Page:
I was doing my morning perusal of Bloodyelbow.com, my source for all things MMA, kickboxing, wrestling, and other combat sports, when I stumbled across a piece discussing some of the issues of athlete pay we're all familiar with. The gist is that following Logan Stieber's third national championship (with a shot at title number four next year), he earned recognition as one of the very best around, and the university even payed out a $18,000 bonus for his work, dedication, and sweat. Except he didn't get the cash, Gene Smith did.
Of course, I'm not trying to bash Smith or tOSU, because these sort of incentives are common in any university. However, it illustrates how poorly the athletes do financially in light of what they do for the various universities. It still perplexes me how the NCAA can justify allowing Urban Meyer to make $4 million before bonuses, while only 9.9 scholarships are allowed for a wrestling team of 39 athletes. And just to reiterate, it's not that tOSU chooses to only award that number of scholarships, that is the limit enforced by the NCAA.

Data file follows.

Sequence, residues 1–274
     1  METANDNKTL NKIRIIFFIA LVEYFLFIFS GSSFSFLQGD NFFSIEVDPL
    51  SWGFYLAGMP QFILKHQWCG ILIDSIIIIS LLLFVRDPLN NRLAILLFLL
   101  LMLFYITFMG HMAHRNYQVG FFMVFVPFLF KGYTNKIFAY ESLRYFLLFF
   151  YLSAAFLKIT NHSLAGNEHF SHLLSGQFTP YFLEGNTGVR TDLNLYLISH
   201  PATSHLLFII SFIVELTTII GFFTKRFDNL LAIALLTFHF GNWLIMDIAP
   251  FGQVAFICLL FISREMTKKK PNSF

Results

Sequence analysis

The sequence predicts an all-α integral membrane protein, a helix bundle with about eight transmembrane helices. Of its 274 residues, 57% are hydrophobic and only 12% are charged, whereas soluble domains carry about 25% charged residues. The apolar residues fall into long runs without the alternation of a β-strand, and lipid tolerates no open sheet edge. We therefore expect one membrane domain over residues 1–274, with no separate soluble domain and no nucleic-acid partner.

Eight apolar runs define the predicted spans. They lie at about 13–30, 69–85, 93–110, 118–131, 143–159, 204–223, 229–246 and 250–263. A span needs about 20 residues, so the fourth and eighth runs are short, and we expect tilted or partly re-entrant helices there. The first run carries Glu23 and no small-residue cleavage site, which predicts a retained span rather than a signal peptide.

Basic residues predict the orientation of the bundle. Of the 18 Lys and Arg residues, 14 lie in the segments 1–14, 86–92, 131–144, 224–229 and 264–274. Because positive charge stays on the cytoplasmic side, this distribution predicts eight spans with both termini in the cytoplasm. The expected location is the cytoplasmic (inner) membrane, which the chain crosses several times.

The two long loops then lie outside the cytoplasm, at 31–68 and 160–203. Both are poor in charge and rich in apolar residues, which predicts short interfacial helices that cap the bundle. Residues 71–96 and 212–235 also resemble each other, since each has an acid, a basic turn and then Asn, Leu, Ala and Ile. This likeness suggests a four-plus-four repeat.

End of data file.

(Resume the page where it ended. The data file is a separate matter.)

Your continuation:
It's imbalances like this that make me question the whole model of amateur athletics. The entire system is perplexing because, to steal from an idea from a certain German Jew, the athletes own the means of production, but somehow they still aren't profiting from it. Now they receive scholarships, yes. But if those 9.9 scholarships were distributed evenly among the team, each athlete would receive about a 25% scholarship. And of course, they can't work, sell autographs, forfeit the rights to the likeness, etc., and they give these things up for the opportunity to compete for a full scholarship, which, by the way, won't cover living expenses. For a personal perspective on the issue, scroll down in the linked piece to a comment by T.P. Grant, who was an athlete at tOSU.
I know we've all heard arguments on all sides of this issue before and I doubt anything here will change a mind, but I had to share my thoughts when I saw this piece, and hopefully it and I will have brought more attention to the problem.